Proposals to introduce national roaming in the UK will fall some way short of completely eliminating blackspots, according to a blog post by OpenSignal, a company which monitors network coverage using crowdsourced data.
According to reports earlier this week, the UK government is considering national roaming as a way to boost coverage in rural areas, enabling customers of one operator to “roam” onto a rival network when outside of coverage.
However, the suggestion has led to questions about how operators’ infrastructure investments will be impacted, as well as the commercial model which will support in-country roaming.
OpenSignal said the average UK user has no signal for 15 per cent of the time, which would fall to 7 per cent if national roaming is in place – “a huge improvement, but in no way ‘an end to mobile blackspots’.”
It came to this conclusion by assessing its statistics for “time on no signal”, and a subset of this called “time on emergency calls only” – when a subscriber is within the coverage area of another operator’s network.
OpenSignal also highlighted some issues that need to be considered. Firstly, the geographic and demographic split of subscribers across networks is not the same, meaning that perceptions of network coverage may not accurately reflect performance.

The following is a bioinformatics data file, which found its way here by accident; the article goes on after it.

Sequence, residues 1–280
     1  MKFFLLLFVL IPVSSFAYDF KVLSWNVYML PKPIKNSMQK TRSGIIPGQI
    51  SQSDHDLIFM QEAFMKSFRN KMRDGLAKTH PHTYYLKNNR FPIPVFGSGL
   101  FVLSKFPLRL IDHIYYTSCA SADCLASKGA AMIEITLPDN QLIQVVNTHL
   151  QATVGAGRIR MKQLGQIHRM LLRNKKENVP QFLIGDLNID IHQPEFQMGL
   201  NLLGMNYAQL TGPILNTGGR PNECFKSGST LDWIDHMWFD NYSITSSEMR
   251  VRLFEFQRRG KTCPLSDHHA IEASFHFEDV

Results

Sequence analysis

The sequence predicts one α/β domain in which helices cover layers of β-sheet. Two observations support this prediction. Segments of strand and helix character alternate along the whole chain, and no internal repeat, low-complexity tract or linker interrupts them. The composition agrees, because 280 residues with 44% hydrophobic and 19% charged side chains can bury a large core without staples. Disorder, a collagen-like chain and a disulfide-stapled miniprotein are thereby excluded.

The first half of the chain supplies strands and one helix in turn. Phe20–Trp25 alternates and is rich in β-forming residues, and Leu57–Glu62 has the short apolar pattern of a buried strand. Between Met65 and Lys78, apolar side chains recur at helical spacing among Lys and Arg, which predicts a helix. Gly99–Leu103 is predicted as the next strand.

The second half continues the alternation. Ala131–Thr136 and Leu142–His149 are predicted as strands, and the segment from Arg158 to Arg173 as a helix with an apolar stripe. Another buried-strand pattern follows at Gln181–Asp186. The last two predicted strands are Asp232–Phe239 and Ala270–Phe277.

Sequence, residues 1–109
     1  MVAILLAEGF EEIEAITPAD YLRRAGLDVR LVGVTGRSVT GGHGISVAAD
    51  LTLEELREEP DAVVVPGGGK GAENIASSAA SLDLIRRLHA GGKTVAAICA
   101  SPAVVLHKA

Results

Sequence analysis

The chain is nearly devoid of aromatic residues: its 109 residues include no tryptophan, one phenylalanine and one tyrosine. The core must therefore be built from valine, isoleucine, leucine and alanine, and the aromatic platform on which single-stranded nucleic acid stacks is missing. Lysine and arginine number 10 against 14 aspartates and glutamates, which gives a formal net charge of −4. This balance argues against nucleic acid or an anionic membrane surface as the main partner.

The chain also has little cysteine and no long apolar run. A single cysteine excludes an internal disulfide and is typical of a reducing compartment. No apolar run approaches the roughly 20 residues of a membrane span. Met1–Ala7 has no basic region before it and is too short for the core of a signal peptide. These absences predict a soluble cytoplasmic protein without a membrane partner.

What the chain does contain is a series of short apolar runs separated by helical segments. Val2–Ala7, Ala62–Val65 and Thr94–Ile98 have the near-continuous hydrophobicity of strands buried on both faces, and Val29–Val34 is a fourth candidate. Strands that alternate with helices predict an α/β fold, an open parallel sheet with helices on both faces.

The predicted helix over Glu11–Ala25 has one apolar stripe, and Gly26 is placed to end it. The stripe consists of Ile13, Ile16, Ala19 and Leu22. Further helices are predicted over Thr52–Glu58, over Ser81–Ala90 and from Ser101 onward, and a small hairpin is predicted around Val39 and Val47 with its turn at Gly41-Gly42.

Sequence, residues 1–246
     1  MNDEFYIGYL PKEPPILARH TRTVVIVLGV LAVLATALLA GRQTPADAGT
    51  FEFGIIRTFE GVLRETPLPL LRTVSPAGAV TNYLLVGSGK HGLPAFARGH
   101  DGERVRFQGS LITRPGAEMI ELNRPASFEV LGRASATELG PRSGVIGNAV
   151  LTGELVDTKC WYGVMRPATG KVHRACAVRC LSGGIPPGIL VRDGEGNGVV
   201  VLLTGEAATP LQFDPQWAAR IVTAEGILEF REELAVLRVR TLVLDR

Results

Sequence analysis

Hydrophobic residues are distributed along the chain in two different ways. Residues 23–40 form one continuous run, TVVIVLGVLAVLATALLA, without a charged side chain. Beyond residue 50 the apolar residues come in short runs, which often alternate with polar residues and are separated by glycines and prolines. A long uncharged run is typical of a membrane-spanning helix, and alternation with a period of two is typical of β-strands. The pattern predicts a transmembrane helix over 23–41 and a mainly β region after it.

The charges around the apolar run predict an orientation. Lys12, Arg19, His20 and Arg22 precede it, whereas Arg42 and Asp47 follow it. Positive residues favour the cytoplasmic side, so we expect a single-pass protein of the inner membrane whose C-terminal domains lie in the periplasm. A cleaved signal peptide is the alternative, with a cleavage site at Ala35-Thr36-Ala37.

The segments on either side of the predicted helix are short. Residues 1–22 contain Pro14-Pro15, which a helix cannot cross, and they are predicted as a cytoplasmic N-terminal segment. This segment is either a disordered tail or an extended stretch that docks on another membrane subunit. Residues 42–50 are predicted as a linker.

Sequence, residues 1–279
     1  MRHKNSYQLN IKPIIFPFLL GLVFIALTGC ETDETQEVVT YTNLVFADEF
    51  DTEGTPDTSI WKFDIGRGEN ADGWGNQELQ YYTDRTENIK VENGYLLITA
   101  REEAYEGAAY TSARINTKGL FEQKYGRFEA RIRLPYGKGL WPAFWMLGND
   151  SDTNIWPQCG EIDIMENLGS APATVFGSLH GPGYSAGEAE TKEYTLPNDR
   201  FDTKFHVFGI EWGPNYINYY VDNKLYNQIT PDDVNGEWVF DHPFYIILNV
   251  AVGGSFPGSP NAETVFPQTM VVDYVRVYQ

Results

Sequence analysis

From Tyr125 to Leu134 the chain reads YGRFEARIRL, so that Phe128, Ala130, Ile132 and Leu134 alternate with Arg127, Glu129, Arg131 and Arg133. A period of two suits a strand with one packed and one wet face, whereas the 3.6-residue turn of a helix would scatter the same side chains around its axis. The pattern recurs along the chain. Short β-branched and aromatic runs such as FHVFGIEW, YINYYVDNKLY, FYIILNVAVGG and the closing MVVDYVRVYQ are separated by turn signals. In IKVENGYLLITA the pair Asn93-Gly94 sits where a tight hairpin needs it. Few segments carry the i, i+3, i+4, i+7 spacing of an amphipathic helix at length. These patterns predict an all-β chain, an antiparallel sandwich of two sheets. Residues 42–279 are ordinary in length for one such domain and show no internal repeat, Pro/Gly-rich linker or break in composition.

For example, it said that Vodafone UK has a much higher “time on no network”, but this may reflect the fact it has a good reputation for rural coverage and therefore attracts more customers outside of major cities.
These subscribers, therefore, may not be better served by any other network.
Contrastingly, a network with a poor reputation for rural performance will find subscribers concentrated in urban areas, who may see less time without network coverage, because cities are generally better connected.
Secondly, as the results show, while national roaming will improve the situation for subscribers notably, there will still be coverage holes, and the incentive for addressing this may be reduced – because providing additional infrastructure will no longer be a differentiator for operators.
“With better coverage information becoming more easily available, national roaming might end up limiting expansions that the networks themselves would make in order to appeal to different segments of a better-informed market,” OpenSignal concluded.